The Null Device
Posts matching tags 'massive attack'
From a Guardian piece on Massive Attack's artwork, this interesting fact:
"We can't use any of the Heligoland artwork I've painted for the posters on London Underground. They won't allow anything on the tube that looks like 'street art'. They want us to remove all drips and fuzz from it so it doesn't look like it's been spray-painted, which is fucking ridiculous. It's the most absurd censorship I've ever seen. "
This just in: Robert "3D" Del Naja is not a paedophile. (Though the timing of the charges he was cleared of is suspicious; I wonder whether it was in fact all planned to put the frighteners on celebrity anti-war campaigners.)
Massive Attack frontman Robert "3D" Del Naja arrested for child pornography, as part of the same sting which netted Pete Townshend. Del Naja denied having downloaded child pornography; interestingly enough, the Graun article pointed out his involvement with the antiwar movement, as if to suggest that the arrest may be politically motivated.
I just got a copy of the US pressing of Massive Attack's 100th Window (thanks, Lisa; I hope you're enjoying the Ninetynine CD). Why the US release? Well, the main thing that distinguishes it from the Australian release is no copy-denial mechanisms; i.e., it's a Red Book CD which plays and rips in any drive.
(Yes, I know that some people have successfully ripped the Australian "Copy Controlled" release. However, it's the principle that's at stake; and I'm sure that if people swallow this imperfect "copy controlled" disc, EMI will attempt to iron the bugs out of future releases (such as, say, the upcoming Morrissey album, and the next Radiohead album). However, if EMI's beancounters (who largely run things at major labels these days) notice that sales are higher in unrestricted territories, that may make them stop treating customers as potential criminals.)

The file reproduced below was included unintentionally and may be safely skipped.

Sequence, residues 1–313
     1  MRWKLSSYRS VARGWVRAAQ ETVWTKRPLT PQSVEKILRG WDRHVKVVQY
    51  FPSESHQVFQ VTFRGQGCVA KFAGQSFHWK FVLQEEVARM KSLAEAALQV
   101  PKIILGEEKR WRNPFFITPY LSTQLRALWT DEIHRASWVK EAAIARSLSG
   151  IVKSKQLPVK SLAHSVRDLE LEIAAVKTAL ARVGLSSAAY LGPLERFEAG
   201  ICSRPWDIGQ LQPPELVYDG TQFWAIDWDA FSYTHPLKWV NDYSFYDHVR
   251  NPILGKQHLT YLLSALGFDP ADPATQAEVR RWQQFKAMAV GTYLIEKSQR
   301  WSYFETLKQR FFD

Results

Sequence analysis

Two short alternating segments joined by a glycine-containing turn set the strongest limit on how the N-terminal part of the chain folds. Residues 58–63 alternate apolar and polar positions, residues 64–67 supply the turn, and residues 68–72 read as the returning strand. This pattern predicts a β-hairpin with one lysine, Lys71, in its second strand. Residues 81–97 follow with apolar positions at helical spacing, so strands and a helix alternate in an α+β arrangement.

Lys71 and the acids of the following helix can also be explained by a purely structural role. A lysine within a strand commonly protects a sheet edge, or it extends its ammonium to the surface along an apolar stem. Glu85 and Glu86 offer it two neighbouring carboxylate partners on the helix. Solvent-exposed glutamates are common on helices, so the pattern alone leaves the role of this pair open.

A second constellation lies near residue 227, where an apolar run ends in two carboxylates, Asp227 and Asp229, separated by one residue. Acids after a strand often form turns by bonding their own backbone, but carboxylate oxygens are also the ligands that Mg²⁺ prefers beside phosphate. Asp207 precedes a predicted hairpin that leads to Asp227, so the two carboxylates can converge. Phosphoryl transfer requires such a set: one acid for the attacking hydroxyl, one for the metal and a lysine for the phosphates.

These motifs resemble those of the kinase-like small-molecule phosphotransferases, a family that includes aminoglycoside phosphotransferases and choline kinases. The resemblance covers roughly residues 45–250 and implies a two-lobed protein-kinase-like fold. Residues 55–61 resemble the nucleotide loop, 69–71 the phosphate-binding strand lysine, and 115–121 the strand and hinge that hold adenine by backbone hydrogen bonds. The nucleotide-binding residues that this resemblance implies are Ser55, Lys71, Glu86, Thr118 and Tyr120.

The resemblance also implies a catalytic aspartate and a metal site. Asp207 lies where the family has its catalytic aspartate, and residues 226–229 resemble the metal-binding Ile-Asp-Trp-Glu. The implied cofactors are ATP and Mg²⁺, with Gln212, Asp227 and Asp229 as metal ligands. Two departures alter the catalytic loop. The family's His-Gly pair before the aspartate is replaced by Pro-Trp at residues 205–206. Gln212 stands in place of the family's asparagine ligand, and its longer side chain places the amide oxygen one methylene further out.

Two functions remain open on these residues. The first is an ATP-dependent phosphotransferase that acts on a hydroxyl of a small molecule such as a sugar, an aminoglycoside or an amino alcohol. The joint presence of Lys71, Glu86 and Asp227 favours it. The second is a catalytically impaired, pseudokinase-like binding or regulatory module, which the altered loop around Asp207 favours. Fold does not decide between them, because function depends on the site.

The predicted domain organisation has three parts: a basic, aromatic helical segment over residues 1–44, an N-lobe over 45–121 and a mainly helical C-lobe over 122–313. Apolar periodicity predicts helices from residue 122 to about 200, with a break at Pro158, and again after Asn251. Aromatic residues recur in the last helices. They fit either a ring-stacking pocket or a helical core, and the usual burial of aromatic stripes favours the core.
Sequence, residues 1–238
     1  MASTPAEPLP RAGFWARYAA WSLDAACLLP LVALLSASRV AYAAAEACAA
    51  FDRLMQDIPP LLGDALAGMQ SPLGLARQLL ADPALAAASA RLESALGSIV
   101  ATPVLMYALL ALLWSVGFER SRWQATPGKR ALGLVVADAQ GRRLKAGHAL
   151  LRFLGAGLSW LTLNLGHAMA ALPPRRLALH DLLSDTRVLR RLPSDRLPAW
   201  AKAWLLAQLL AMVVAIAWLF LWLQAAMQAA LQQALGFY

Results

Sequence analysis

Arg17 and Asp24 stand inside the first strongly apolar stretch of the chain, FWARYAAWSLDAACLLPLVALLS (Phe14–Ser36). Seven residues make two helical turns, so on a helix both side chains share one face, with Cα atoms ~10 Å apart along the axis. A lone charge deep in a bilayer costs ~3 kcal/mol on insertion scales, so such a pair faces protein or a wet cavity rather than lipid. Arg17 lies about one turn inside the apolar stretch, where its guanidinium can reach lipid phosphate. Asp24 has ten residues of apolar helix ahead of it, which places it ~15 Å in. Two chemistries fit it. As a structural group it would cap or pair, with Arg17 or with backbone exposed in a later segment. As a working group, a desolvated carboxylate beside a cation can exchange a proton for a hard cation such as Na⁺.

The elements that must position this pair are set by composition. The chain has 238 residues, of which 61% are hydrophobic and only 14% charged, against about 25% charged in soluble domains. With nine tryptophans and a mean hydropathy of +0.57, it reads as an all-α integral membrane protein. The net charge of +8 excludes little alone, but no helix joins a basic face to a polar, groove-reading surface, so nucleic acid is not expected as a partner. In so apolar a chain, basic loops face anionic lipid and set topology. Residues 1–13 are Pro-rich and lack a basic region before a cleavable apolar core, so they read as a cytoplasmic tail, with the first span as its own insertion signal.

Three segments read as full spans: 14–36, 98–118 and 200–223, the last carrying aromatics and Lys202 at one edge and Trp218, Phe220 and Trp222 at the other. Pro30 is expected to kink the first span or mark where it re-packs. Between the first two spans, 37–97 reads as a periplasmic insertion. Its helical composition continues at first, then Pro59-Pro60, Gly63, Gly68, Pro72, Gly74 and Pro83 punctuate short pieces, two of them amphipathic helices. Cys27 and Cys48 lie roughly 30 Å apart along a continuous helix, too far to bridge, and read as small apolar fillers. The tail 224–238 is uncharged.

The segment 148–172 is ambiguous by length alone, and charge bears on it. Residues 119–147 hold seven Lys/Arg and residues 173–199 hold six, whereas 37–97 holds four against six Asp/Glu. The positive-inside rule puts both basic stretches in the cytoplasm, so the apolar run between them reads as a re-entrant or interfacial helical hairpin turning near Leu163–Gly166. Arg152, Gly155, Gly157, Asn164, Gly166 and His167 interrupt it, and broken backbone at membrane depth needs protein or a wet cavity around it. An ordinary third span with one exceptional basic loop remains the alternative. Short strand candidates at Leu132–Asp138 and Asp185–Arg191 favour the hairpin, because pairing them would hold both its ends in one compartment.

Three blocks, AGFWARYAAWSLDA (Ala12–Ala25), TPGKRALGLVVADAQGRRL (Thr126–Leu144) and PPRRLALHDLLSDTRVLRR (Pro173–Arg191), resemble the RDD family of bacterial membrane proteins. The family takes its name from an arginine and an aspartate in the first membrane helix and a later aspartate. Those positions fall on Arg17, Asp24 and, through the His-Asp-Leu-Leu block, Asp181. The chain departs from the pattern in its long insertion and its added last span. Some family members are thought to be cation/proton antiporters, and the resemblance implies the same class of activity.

(Does anybody know what the economics of the "copy control" technology are; i.e., how much does EMI pay to cripple a title, and do they pay per CD, per title, or outright? If they pay a percentage of the CD price per disc, then the tide may turn sooner against copy-denial, unless it actually makes people buy more CDs. Of course, the suits in charge would want to hold on despite losses until there are no unencumbered copies available in any territory. Though how long they hold on after people start MP3ing their CDs through the analogue outputs of their CD players is uncertain. Eliminating sound cards without built-in watermark detectors with anything less than a perfectly efficient global police state would be impossible; as far as audio goes, the "analog hole" is here to stay.)
Anyway, back to 100th Window. The album differs from the, umm, prerelease slightly (they've chopped a second or two off the start of Future Proof, and padded the space after the last track with some sort of filtered arpeggio texture). The artwork is also quite nice. Anyway, if you're in Australia and wish to buy an unrestricted copy, places like Amazon will sell you the US release. Or just find a US penpal and offer to trade them something from here. Think of it as globalisation for the people.
I wandered down to PolyEster this afternoon, and saw the new Massive Attack CD. Nice packaging; though pity it's not available on a CD (only on one of those copy-restricted non-Red-Book-compliant CD-like things). Bugger that then.